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This exploratory study examines how service-learning faculty and community partners affiliated with rural colleges and universities engage in a practice aligned with Stoecker’s (2016) proposed liberating service-learning framework. Findings from 10 in-depth interviews indicate the ongoing emphasis on student learning, increased interface with government leaders, local businesses, and advocacy organizations, and distinct contextual factors faced by service-learning partners in rural areas. These findings complicate Stoecker’s initial framework, which completely decenters student learning, and calls for a deeper understanding of who constitutes community, change, and power broadly and in the context of densely connected rural areas. It also places the liberating service-learning framework within a theory of community development and outside of its ongoing emphasis as an experimental education model.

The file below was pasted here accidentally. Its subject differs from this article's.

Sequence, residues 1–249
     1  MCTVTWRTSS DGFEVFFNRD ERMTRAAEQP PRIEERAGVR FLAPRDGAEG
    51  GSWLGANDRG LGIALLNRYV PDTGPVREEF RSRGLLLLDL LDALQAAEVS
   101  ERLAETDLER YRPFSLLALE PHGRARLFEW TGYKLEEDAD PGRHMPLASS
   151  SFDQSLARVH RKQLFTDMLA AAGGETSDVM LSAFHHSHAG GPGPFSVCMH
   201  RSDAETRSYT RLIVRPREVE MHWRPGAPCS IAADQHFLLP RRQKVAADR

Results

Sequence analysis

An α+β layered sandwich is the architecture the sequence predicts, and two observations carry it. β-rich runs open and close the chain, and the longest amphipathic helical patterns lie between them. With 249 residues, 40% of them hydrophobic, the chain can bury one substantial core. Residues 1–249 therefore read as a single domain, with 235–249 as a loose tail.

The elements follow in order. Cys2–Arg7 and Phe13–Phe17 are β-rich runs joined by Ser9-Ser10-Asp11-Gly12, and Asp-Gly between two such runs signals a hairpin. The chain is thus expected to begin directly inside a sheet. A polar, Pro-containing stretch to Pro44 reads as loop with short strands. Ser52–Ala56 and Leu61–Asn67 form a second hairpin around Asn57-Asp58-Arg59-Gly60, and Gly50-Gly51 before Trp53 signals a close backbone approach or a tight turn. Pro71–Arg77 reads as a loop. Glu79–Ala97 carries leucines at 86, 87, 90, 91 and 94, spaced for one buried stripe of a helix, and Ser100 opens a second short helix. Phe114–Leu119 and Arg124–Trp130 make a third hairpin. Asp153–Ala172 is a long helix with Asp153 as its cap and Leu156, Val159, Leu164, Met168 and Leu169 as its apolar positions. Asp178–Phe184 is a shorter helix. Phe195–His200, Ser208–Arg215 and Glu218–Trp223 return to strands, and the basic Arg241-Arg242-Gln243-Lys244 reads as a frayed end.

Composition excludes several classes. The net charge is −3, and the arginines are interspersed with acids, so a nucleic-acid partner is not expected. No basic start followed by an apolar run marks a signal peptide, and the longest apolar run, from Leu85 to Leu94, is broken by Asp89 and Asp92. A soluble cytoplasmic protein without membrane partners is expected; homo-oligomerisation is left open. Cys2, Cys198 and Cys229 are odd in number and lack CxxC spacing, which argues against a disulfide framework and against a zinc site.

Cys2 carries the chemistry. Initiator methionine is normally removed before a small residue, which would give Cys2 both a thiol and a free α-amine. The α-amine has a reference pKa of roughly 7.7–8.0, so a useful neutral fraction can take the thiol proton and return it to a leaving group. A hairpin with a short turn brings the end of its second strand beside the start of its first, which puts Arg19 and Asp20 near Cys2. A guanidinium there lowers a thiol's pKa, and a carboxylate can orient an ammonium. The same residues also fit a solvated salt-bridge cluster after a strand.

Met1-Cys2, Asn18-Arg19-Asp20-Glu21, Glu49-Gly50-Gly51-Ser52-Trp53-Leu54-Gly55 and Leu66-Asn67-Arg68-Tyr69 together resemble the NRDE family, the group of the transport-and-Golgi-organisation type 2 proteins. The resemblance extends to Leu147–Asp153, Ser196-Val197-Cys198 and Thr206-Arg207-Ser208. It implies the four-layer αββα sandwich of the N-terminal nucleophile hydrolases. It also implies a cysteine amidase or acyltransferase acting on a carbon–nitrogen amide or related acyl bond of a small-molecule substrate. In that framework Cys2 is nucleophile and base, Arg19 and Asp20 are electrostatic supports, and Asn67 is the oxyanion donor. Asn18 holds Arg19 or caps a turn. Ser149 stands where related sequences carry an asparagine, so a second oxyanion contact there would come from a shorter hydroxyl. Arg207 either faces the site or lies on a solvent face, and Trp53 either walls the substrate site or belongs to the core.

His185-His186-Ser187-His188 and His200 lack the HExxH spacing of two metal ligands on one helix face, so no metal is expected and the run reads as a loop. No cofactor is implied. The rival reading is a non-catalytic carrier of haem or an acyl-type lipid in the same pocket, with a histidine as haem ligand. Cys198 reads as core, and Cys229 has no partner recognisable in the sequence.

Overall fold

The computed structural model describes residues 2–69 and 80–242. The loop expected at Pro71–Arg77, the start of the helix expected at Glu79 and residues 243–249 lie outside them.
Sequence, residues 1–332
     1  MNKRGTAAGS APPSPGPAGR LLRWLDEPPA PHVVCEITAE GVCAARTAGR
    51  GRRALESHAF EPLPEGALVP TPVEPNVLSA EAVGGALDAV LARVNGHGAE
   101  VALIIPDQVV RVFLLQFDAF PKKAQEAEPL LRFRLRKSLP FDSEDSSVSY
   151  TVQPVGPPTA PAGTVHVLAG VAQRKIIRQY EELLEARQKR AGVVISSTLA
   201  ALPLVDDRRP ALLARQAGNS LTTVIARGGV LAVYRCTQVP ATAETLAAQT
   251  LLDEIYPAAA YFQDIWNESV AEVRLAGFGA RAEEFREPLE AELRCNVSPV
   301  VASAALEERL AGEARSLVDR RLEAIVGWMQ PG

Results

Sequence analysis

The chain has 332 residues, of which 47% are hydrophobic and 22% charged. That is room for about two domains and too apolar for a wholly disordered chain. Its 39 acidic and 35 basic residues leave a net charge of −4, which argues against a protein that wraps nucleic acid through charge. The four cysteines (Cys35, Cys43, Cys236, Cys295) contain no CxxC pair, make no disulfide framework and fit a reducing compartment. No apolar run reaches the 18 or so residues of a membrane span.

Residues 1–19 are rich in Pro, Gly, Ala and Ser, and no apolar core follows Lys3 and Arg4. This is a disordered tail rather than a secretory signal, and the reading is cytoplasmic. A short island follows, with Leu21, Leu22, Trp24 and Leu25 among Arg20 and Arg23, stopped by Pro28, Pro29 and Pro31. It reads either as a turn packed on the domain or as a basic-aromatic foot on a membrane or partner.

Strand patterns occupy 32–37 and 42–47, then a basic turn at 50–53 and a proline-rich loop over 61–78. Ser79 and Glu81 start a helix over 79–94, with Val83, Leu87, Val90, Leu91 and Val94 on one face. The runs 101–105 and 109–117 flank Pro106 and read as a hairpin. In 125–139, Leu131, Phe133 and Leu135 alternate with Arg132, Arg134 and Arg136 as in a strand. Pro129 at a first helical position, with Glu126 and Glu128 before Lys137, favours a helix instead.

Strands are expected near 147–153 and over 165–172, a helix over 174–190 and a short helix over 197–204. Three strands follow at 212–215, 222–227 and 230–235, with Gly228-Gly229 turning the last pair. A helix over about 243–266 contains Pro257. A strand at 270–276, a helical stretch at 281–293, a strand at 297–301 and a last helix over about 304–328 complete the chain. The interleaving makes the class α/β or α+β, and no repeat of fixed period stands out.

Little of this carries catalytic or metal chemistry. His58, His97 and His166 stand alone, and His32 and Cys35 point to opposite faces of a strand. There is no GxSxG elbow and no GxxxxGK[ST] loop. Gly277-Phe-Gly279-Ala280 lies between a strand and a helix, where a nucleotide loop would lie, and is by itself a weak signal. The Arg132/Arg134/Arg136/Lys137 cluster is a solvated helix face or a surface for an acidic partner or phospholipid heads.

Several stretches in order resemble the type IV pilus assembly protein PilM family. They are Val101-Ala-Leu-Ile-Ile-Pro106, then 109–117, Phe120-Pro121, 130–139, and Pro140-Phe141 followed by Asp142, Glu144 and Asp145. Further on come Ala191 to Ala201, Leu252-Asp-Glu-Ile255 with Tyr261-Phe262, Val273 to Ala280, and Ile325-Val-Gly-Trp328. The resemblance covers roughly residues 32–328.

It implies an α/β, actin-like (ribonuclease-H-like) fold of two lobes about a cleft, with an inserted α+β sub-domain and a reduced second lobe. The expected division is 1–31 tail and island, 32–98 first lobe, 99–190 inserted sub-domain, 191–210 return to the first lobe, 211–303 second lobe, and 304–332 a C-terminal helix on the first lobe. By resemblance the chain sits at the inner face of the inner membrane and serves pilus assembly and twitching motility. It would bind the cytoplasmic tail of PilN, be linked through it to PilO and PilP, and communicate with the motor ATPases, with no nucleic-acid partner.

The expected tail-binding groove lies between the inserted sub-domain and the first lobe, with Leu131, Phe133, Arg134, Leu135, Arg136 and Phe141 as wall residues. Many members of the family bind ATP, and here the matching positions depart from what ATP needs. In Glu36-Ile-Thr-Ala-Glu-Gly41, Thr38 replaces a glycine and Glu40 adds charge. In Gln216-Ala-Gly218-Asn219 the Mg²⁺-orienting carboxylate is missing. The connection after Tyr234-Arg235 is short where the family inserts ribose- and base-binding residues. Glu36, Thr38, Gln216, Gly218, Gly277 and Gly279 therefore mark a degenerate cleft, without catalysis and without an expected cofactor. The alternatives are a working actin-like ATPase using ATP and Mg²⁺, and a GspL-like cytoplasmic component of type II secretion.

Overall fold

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  • Alternative title

  • Journal title
    • Journal of Community Engagement and Scholarship

  • Volume
    • 13

  • Issue
    • 2

  • Date submitted

    19 July 2022

  • License
  • Keywords
  • Additional information
    • Acknowledgements:

      Thanks to the Peterson Fund from the University of Wisconsin-Madison School of Human Ecology for supporting this research. Additional thanks to Randy Stoecker, Carolina Sarmiento, and Jennifer Gaddis, Dr. Drew Pearl, and Reviewers 1 and 2 for and offering critical feedback on this manuscript and research project. Last, an abundance of gratitude to participants who are transforming our universities and communities to create a more just and equitable world.